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586-731-7400
586-333-HELP

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How can estate planning help keep my secrets, secret?

| Sep 16, 2020 | Estate Planning |

This is a judgment free blog post. Most Michiganders have things in their lives or past that they would rather other not know. Perhaps, there is a folder on one’s phone that they would not want their mother to open, or a website membership they would rather their wife did not know about. But, what happens if they die tomorrow? What happens to these secrets, and how do they keep them secret? Well, it is a three-step process.

Identifying the skeletons

The first step is identifying those digital and physical assets or secrets that need to be erased, i.e., identifying the skeletons. This is an extremely personal process because one person’s secret may be another person’s, “who cares?” It could be as simple as a browser history or racy photograph. It could also be private health conditions, secret affairs or relationships or other electronics that one may find embarrassing.

Identify who will keep the secrets, secret

Next to identifying those secrets, it is also important to identify who will keep those secrets, secret. The most obvious choice is one’s attorney. This can be the estate planning attorney, an attorney selected as a trustee or a trusted attorney. Choosing an attorney though ensures that the communications and secrets are protected by attorney-client privilege.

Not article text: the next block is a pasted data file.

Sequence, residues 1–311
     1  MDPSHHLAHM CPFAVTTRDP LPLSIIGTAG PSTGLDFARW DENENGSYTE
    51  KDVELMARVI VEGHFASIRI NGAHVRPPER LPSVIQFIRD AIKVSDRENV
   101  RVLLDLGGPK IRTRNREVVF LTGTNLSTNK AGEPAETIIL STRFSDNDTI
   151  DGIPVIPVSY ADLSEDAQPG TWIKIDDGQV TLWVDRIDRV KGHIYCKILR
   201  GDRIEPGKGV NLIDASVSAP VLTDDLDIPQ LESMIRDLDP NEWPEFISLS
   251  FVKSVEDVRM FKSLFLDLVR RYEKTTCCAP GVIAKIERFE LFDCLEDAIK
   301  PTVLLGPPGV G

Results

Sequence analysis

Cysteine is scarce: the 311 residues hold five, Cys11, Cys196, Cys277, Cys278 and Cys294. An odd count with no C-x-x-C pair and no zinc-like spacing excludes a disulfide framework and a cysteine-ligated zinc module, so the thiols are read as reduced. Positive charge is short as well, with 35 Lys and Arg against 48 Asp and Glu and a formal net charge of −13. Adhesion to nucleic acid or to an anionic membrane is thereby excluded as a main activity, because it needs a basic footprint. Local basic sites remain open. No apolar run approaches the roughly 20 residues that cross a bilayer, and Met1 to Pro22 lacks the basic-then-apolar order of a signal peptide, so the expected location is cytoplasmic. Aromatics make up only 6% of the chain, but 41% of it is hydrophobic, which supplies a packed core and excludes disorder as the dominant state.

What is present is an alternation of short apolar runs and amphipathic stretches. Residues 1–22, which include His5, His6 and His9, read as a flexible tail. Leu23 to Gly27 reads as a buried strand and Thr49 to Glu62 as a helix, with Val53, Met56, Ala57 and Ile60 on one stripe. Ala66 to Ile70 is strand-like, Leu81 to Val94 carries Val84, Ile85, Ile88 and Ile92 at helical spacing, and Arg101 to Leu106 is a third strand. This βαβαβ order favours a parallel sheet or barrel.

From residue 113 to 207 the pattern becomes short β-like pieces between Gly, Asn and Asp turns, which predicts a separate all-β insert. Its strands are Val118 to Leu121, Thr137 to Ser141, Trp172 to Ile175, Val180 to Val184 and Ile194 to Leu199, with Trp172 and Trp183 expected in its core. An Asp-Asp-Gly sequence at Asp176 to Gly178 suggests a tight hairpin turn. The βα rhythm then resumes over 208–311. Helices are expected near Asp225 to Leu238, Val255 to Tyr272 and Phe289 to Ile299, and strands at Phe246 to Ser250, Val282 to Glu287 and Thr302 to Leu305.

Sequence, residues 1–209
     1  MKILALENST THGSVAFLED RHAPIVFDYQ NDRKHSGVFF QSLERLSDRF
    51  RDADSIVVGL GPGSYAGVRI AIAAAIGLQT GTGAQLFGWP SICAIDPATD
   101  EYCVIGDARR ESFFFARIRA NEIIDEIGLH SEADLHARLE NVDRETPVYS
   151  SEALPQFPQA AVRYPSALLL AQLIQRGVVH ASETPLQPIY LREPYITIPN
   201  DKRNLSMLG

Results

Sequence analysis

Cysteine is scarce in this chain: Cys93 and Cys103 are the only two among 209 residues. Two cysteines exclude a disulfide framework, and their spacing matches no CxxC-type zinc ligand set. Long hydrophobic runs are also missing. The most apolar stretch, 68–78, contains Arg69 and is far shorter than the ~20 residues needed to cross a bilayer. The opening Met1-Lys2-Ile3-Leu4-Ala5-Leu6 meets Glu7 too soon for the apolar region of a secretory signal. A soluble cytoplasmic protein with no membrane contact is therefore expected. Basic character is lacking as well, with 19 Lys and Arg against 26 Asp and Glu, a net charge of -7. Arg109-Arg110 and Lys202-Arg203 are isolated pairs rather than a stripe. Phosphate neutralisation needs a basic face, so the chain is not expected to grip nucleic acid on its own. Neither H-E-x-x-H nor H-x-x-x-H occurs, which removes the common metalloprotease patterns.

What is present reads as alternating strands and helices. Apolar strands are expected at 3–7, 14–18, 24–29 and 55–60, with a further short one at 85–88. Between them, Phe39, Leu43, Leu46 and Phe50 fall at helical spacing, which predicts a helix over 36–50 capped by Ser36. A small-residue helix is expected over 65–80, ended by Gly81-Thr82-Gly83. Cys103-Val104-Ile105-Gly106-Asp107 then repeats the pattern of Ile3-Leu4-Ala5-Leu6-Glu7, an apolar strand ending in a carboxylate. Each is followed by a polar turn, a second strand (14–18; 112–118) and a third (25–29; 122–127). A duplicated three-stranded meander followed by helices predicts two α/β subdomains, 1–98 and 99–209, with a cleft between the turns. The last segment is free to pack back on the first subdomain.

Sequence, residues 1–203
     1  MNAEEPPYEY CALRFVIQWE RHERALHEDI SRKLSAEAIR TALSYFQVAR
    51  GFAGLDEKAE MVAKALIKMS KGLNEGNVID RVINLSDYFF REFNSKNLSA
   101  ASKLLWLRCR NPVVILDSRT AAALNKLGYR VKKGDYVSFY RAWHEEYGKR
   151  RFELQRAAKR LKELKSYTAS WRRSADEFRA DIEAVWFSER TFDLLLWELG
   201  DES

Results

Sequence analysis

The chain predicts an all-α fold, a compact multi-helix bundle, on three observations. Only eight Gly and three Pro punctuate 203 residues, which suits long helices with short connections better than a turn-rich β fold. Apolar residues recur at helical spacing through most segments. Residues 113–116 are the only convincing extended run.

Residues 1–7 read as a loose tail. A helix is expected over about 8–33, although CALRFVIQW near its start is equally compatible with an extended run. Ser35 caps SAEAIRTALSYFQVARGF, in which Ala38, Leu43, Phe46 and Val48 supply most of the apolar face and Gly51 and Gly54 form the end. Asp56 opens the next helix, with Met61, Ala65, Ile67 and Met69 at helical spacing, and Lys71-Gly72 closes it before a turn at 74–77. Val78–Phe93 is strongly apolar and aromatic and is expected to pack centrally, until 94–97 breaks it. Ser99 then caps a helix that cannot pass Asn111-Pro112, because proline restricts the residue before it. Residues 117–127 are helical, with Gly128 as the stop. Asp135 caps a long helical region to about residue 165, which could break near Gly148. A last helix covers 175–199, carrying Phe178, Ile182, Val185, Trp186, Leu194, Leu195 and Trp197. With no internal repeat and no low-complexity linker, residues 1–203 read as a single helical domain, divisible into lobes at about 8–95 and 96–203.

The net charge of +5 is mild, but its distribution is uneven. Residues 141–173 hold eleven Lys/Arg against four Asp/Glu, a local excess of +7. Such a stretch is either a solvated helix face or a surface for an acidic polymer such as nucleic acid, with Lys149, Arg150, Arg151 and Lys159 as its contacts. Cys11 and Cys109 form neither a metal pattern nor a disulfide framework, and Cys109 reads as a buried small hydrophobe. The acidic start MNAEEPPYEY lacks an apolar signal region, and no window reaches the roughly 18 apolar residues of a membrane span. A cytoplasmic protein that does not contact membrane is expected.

Ensuring the secrets stay secret

The final step is identifying how to maintain the secret. For digital assets, this will be site and hardware specific. For example, erasing a Facebook page will require different actions than erasing a hard drive. Throwing away a discrete item from a dresser drawer or medications from a medicine cabinet also requires different direction.

Where to put these secret instructions

Do not, and we repeat and emphasize, do not put this information into one’s will. Wills are not private documents. They become part of the public record, so if one puts this information into a will, secrets will not be secret. Instead, use a power of attorney. This will give the attorney power to access the places (digital and physical) to effectuate one’s wishes.